The COVID-19 pandemic has caused a disruption in subcutaneous therapy (SCIT) for many patients. One survey designed to determine experiences of allergists during the pandemic found that 31% had discontinued providing SCIT at some point during the pandemic.(1) Now practices are considering the best way to re-engage allergy immunotherapy patients, shifting from acute only to re-opening for full clinics.(2)
“For patients on SCIT, re-starting after a prolonged absence can result in a serious systemic adverse event,” according to the American Academy of Otolaryngic Allergy, which adds that dosing can be reduced to allow for a more gradual introduction. “The time since the last injection is a major factor in determining how far back to reduce the dose in the escalation plan.”(3)
A paper published in July 2020 in the Annals of Allergy, Asthma, and Immunology stated that providers utilize different approaches for restarting SCIT after an interruption. Over 1,000 providers reported their technique in an online survey. “Most reduced the dose a certain number of steps back, others reduced a percentage, and a few reduced a certain volume.”(4) The paper’s authors cautioned that some patients are at higher risk for systemic reactions when returning to SCIT. These include patients with the following: “history of anaphylaxis or mast cell disorder; moderate to severe asthma; high sensitization pattern or systemic reaction during skin prick testing; systemic reactions to previous SCIT administration; and patients receiving SCIT during peak pollen season for an allergen to which they are highly sensitized.”(4)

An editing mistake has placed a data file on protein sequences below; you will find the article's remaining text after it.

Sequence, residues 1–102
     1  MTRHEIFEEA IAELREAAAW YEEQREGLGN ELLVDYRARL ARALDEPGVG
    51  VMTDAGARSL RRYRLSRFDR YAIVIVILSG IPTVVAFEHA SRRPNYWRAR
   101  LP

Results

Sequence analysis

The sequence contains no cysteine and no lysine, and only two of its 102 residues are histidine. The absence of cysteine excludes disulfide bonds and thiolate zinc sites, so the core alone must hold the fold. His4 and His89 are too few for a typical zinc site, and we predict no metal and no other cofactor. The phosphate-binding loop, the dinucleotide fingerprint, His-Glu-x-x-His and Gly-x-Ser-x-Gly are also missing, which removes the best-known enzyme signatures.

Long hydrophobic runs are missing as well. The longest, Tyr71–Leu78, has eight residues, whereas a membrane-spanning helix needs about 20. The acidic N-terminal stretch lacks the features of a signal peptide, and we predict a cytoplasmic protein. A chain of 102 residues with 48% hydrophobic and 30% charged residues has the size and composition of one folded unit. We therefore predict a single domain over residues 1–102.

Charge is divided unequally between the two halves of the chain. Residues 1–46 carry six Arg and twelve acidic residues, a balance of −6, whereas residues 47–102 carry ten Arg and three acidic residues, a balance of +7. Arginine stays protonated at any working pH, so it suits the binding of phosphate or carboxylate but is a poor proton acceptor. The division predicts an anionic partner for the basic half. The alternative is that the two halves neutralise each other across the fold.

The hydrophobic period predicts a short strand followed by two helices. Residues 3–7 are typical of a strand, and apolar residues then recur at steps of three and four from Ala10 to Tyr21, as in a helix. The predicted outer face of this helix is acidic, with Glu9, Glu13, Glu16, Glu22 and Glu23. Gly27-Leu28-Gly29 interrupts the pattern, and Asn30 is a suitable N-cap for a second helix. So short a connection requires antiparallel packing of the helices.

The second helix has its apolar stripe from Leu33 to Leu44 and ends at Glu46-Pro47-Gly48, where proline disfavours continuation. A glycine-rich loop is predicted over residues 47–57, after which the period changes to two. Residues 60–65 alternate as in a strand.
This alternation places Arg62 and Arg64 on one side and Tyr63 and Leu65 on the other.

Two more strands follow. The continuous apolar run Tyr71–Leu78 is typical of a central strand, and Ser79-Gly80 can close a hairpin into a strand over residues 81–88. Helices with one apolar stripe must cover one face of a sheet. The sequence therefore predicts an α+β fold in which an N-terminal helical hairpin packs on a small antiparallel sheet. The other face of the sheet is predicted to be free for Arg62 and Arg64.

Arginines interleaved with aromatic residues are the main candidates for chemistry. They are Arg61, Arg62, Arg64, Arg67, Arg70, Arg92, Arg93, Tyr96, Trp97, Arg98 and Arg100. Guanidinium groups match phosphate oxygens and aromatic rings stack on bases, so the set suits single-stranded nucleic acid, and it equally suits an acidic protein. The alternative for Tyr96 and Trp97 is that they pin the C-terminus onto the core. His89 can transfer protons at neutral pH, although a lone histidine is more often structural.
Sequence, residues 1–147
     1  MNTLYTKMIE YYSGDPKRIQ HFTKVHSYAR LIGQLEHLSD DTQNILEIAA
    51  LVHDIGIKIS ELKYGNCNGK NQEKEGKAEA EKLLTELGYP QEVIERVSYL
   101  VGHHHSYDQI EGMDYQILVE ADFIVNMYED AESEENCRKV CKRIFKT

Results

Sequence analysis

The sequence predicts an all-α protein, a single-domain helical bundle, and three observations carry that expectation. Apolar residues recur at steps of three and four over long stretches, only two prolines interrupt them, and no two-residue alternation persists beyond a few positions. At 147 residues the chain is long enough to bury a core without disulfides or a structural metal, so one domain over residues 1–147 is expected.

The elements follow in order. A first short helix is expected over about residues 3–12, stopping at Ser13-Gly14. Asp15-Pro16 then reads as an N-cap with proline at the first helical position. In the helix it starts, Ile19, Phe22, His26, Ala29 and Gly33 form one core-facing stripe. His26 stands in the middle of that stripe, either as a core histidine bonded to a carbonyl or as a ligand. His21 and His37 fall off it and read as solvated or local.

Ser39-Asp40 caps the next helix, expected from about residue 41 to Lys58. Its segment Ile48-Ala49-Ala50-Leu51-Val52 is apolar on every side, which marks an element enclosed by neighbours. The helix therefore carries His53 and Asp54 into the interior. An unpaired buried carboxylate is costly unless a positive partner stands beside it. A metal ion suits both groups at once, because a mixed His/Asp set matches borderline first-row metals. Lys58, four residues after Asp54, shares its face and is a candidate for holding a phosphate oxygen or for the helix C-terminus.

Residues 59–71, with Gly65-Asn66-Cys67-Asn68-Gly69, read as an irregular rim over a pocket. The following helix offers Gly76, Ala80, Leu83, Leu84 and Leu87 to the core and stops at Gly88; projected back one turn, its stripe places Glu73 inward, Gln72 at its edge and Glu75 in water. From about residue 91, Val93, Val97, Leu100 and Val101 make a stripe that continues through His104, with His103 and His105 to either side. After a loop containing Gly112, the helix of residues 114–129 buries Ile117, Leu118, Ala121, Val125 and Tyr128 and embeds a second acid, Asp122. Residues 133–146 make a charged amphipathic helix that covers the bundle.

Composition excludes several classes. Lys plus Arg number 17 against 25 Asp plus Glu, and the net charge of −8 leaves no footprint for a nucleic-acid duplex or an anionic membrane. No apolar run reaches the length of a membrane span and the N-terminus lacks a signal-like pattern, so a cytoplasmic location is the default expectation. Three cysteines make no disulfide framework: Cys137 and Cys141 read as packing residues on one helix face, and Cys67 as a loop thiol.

Xtract Immunotherapy Software, a secure digital platform developed for allergy practices, offers several features helpful for providers restarting SCIT. The software enables doctors and nurses to run reports, instantly displaying which patients have not come in for their shots in over a certain period of time, so patients can be contacted to discuss restarting their treatment. This can help office staff be proactive with patient follow-up, possibly reducing the gap in treatment.
Xtract software allows the provider to adjust the patient dose down to a level that is safe in order to restart treatment and also adjust the treatment plan that suggests future doses accordingly. All previous injections and any reactions are visible on a single screen, making clear the very last injection and precise dosage.
Xtract provides text and email reminders about shot clinic hours or changes in policy regarding COVID protocols so patients can make informed decisions about coming into the office to get their shots.
(1) Ozturk, A. M.D., Barcioglu, A. M.D., et. al., International Archives of Allergy and Immunology, Change in Allergy Practice During the COVID-19 Pandemic, https://www.karger.com/Article/
(2) ENT Today, How to Safely Re-engage Allergy Immunotherapy Patients after Coronavirus Shutdown, https://www.enttoday.org/article/
(3) American Academy of Otolaryngic Allergy, Resuming SCIT During COVID-19 Pandemic, https://aaoallergy.org/
(4) American College of Allergy, Asthma, and Immunology, Gaps in Allergen Immunotherapy Administration and Subcutaneous Allergen Immunotherapy Dose adjustment Schedules, https://www.ncbi.nlm.nih.gov/pmc/articles/